Knowledge Intensive Regeneration versus Sustainable Communities

Knowledge Intensive Regeneration versus Sustainable Communities

Yusuf Arayici (School of the Built Environment, College of Science and Technology, Salford University, Salford, UK) and Zafer Ozturk (School of the Built Environment, College of Science and Technology, Salford University, Salford, UK)
Copyright: © 2014 |Pages: 15
DOI: 10.4018/ij3dim.2014010101


Regeneration is deemed as the enabler for societies and nations to transform them from industrial age to knowledge. In this regard, knowledge intensive regeneration is one of the latest models, called as New Century Cities (NCC) to make progress and ultimately achieve the transformation towards knowledge societies, which have the features and characteristics of sustainable communities. However, meeting the key features or characteristics of sustainable communities can be challenging due to its complex and interrelated features such as socio-economic requirement, environmental and physical requirements, which are all correlated to each other. This paper aims to discuss the knowledge intensive regeneration model in relation to the sustainable communities in order to highlight the level of match and conformance between them in order to justify the suitability of knowledge intensive regeneration for the sustainable communities' vision. Research methodology adopted in the paper is the case study approach, which is the Mediacity project, and used literature review, observation and interviews for data collection, while concept mapping was utilised for data analysis. Research findings reflect that the level of conformance is relatively high, social aspects is still weakly addressed in comparison to other dimensions. Therefore, paper proposes the stronger attention and strategic planning at the visioning and masterplanning stages of such projects in order to address this most challenging dimension of regeneration projects.
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1. Introduction

Sustainability is improving the quality of human life within the carrying capacity of supporting eco-systems (Jones & Evans, 2008). The diagram in Figure 1 shows the complex relations of social, environmental and economic issues that overlap and emerge the concept of sustainability. In this paper, MediaCityUK project is evaluated in terms of social, economic and environmental aspects of sustainability. Stearns, (2012) stated sustainability requires a system reflecting the whole-of-life approach, which entails both vertically and horizontally integration. This implies a different thinking and working methodology and effectively implementing sustainable development requires participation and partnerships across all sectors. The most prevalent international sustainable development model is the ‘Triple Bottom Line’ (TBL) model, depicted in Figure 1, which identifies sustainability as the balanced intersection of the social, environmental and economic systems.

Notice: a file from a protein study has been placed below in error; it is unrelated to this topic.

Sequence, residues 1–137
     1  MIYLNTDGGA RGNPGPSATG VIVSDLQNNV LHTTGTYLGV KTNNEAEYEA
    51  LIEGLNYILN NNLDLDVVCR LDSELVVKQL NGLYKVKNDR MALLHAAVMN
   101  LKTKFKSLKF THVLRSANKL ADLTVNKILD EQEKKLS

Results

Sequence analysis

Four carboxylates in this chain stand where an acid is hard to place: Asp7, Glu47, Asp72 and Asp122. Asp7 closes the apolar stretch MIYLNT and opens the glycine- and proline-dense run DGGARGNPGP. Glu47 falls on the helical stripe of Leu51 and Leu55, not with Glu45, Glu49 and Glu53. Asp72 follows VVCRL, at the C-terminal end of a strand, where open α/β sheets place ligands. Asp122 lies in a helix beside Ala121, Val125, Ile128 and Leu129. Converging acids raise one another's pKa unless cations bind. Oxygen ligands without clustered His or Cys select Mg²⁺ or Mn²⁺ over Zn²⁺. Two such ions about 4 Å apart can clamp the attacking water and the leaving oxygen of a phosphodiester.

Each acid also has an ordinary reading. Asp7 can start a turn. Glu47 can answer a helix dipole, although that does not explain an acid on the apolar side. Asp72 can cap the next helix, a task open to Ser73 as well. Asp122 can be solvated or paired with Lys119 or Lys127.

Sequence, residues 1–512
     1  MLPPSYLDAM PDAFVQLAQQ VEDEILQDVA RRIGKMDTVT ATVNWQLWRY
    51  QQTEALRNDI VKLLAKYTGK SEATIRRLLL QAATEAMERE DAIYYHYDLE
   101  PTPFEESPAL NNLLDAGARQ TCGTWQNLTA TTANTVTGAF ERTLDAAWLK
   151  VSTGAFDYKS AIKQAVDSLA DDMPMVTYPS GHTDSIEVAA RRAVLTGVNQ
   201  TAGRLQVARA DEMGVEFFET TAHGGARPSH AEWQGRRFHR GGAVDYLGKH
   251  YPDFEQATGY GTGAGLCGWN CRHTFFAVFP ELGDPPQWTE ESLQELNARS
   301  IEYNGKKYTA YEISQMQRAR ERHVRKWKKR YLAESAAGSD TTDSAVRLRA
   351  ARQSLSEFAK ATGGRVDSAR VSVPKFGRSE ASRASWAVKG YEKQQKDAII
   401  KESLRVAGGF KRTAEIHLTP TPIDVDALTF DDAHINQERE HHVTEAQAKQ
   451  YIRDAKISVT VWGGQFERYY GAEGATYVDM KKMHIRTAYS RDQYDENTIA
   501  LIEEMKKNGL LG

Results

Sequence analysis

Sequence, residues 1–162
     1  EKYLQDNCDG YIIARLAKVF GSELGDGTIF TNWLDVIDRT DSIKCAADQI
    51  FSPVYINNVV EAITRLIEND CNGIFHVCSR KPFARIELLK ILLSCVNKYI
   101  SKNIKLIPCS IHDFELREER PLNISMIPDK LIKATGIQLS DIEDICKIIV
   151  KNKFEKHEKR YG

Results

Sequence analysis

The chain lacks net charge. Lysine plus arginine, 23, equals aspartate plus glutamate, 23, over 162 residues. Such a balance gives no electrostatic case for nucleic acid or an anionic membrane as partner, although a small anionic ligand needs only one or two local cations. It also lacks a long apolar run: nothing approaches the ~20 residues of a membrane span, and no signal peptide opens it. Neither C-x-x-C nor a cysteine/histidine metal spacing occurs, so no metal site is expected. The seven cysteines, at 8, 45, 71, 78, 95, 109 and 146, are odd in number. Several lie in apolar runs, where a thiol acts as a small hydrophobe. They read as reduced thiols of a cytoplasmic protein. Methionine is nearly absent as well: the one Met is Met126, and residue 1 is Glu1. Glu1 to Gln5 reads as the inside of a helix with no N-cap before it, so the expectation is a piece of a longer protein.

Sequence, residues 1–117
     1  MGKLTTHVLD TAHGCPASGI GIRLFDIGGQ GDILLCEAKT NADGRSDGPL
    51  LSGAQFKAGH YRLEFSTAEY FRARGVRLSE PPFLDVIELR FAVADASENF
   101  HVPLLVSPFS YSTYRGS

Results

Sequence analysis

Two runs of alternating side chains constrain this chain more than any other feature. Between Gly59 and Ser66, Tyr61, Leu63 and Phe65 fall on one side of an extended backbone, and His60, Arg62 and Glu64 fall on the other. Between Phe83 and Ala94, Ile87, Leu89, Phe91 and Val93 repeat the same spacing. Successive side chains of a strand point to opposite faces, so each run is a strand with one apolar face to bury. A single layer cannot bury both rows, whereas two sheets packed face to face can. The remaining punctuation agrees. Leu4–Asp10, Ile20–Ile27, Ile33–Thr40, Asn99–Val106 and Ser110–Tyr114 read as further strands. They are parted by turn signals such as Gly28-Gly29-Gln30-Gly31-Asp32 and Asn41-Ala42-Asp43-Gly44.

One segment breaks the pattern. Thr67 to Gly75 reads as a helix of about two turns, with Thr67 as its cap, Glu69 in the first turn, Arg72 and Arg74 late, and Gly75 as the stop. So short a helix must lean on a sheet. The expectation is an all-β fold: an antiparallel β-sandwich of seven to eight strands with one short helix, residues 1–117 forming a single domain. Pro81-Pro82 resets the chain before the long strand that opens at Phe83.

Figure 1.

The holistic view of sustainability (Stearns, 2012)


There is a strong evidence of economic and environmental issues of sustainability in MediaCityUK project such as being a media oriented business cluster and integration of renewable energy technologies. When it comes to the social part, in line with the aim of this research, the focus is on the interaction between the “real estate development” and the surrounding local community, which is mainly linked to the topic of “Sustainable Communities”. As stated in The Egan Review - Skills for Sustainable Communities (2004): “Sustainable communities meet the diverse need of existing and future residents’ their children and other users, contribute to a high quality of life and provide opportunity and choice. They achieve this in ways that make effective use of natural resources, enhance the environment, promote social cohesion and inclusion and strengthen economic prosperity.” In line with this definition, The Egan Review identifies seven key components of a sustainable community and derives a framework for delivery which is summarised in Figure 2, Egan Wheel of Sustainable Communities.

Figure 2.

Egan Wheel of Sustainable Communities (Egan Review, 2004)


On the other hand, Manchester Independent Economic Review (MIER) draws the attention to the concentration of deprivation in the City Region, which was identified according to the 2007 Index of Multiple Deprivation (IMD) (MIER, 2009).

MIER identified four types of deprived areas:

  • Isolate areas: Neighbourhoods in which the destinations and origins of household movements are similarly, or more, deprived areas;

  • Transit areas: Neighbourhoods in which most in-movers come from less deprived areas and most out-movers go to less deprived areas;

  • Escalator areas: Receive in-movers from equally or more deprived areas whereas out-movers go to less deprived areas;

  • Gentrifier areas: Where the arriving population comes from less deprived areas and the departing population goes to similarly or more deprived areas.

Skills, educational performance, housing areas, economic performance of the surrounding area, and the area demographics are stated as the key drivers affecting area deprivation (Tallon, 2010). Having deprived regions in the surrounding area, the MediaCityUK project should be evaluated in terms of how it performs over the neighbourhood in terms of key drivers affecting deprivation. On the other hand, the UK government defined a strong vision and strategy on sustainability that included:

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